September/October 2018 issue of acmqueue The September/October issue of acmqueue is out now

Subscribers and ACM Professional members login here



Kode Vicious

Development

  Download PDF version of this article PDF

Error 526 Ray ID: 47c896fc198e21c8 • 2018-11-20 05:41:50 UTC

Invalid SSL certificate

You

Browser

Working
Newark

Cloudflare

Working
deliverybot.acm.org

Host

Error

What happened?

The origin web server does not have a valid SSL certificate.

What can I do?

If you're a visitor of this website:

Please try again in a few minutes.

If you're the owner of this website:

The SSL certificate presented by the server did not pass validation. This could indicate an expired SSL certificate or a certificate that does not include the requested domain name. Please contact your hosting provider to ensure that an up-to-date and valid SSL certificate issued by a Certificate Authority is configured for this domain name on the origin server. Additional troubleshooting information here.

acmqueue

Originally published in Queue vol. 11, no. 6
see this item in the ACM Digital Library


Tweet


Follow Kode Vicious on Twitter
and Facebook


Have a question for Kode Vicious? E-mail him at [email protected]. If your question appears in his column, we'll send you a rare piece of authentic Queue memorabilia. We edit e-mails for style, length, and clarity.


Related:

Alpha Lam - Using Remote Cache Service for Bazel
Save time by sharing and reusing build and test output


Jez Humble - Continuous Delivery Sounds Great, but Will It Work Here?
It's not magic, it just requires continuous, daily improvement at all levels.


Nicole Forsgren, Mik Kersten - DevOps Metrics
Your biggest mistake might be collecting the wrong data.


Alvaro Videla - Metaphors We Compute By
Code is a story that explains how to solve a particular problem.



Comments

(newest first)

Longpoke | Sun, 04 Aug 2013 01:25:49 UTC

-----BEGIN PGP SIGNED MESSAGE----- Hash: SHA1

context: comment on the article "Columns > Kode Vicious - The Naming of Hosts is a Difficult Matter" (by George Neville-Neil on June 1, 2013) (http://queue.acm.org/detail.cfm?id=2493946) on http://queue.acm.org (ACM Queue)

"If people weren't involved, hosts could simply be identified by their Internet addresses"

On the contrary, I know of multiple companies where all the employees refer to the machines they commonly use by IP address, which of course has the advantage that the behemoth that is DNS is not involved. In groups where everyone is in the same subnet, they refer to machines by the last digit of the IP address, e.g "123" would mean 192.168.0.123. In groups where there are multiple subnets, they may say "5.123" for 192.168.5.123 or "4.123" for 192.168.4.123. Indeed, this sounds silly, but I consider it just as silly as using hostnames.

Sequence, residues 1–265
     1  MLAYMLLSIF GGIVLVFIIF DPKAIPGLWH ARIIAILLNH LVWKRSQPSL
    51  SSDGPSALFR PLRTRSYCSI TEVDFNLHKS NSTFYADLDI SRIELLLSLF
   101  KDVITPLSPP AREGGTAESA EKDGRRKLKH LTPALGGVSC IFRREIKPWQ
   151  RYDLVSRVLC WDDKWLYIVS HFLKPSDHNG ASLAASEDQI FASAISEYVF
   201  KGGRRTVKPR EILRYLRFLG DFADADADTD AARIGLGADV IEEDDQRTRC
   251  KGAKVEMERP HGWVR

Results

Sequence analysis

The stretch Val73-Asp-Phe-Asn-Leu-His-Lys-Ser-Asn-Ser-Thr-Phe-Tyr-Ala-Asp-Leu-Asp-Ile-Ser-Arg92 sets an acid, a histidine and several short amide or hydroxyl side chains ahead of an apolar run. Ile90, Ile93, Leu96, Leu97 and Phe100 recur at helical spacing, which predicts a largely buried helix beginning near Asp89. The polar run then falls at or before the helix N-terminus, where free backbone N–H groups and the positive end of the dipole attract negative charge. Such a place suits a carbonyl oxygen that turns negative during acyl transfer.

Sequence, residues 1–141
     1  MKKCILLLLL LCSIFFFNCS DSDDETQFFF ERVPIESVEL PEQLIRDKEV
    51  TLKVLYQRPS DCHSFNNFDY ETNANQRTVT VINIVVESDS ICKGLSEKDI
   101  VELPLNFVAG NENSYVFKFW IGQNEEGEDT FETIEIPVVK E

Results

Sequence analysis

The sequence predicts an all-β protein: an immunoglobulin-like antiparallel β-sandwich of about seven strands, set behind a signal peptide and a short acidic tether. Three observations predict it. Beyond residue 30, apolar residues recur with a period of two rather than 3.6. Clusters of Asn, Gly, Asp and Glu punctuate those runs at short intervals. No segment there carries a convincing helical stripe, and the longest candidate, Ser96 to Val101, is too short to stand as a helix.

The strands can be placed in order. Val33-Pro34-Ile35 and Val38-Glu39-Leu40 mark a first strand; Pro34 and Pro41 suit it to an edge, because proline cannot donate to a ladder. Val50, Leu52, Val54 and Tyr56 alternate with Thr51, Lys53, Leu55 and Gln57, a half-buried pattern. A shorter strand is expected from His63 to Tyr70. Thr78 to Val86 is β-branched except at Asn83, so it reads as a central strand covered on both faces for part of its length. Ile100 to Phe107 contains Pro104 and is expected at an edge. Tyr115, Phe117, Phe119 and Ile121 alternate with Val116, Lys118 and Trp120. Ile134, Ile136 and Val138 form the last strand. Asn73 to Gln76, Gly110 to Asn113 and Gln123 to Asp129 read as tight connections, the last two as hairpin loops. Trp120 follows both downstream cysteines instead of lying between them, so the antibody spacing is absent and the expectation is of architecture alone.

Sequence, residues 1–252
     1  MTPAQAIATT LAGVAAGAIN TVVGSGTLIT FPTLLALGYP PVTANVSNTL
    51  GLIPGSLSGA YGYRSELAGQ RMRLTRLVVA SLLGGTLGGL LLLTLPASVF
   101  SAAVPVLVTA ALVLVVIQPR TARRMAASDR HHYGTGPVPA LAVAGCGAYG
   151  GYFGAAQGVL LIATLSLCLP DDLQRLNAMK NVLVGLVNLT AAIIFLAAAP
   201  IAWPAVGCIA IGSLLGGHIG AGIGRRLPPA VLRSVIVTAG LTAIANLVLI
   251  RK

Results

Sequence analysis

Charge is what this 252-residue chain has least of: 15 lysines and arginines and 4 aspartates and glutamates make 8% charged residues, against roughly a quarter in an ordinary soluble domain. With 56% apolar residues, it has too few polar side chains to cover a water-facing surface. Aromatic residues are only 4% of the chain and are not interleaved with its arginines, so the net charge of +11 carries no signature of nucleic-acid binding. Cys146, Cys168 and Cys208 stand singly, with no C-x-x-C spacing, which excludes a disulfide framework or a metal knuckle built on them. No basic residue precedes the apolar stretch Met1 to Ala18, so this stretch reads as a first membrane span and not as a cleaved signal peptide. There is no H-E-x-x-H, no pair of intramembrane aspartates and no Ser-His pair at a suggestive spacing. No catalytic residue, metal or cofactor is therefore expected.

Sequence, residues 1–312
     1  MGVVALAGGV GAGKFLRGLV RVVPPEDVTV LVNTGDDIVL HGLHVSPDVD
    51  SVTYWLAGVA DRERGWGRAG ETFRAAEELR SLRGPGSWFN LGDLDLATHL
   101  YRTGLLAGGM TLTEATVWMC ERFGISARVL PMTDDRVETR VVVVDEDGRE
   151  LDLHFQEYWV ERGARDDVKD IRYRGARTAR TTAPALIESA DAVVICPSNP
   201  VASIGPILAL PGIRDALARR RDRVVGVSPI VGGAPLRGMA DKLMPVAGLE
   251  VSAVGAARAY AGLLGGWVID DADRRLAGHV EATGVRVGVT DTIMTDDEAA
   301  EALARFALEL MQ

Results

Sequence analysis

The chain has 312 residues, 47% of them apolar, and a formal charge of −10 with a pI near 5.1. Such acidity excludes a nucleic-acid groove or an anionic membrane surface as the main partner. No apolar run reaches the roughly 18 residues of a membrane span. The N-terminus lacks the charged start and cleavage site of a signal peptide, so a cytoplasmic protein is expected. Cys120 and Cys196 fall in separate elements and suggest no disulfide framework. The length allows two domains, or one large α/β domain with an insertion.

For all practical purposes within the companies I am not ashamed to be part of, we've been able to use tor hidden services successfully, which means there is no issue of IP/name conflict, and the service is globally unambiguously identifiable (e.g 3g2upl4pq6kufc4m.onion). You don't even need to care which machine the service is on. Naming (e.g a bookmark in the web browser, possibly with tags instead of bothering with a name) is then done on an ad-hoc, as-needed basis; humans have the natural ability to coordinate names for things as they need to. Tor hidden services superscede DNS, TLS, and that sort of thing. Then again, if you're a typical IT admin you're probably stuck with silly things (e.g email) which are intertwined with DNS - I'm empathetic. -----BEGIN PGP SIGNATURE----- Version: GnuPG v2.0.20 (GNU/Linux)

iEYEARECAAYFAlH9nk0ACgkQ3PGpByoQpZHq5wCglBvcwgcMUQqR7lyskj8nJDPz 4S0Anill/u4Plp6a6xh0NsQEj4XL+cit =M/yV -----END PGP SIGNATURE-----


Leave this field empty

Post a Comment:







© 2018 ACM, Inc. All Rights Reserved.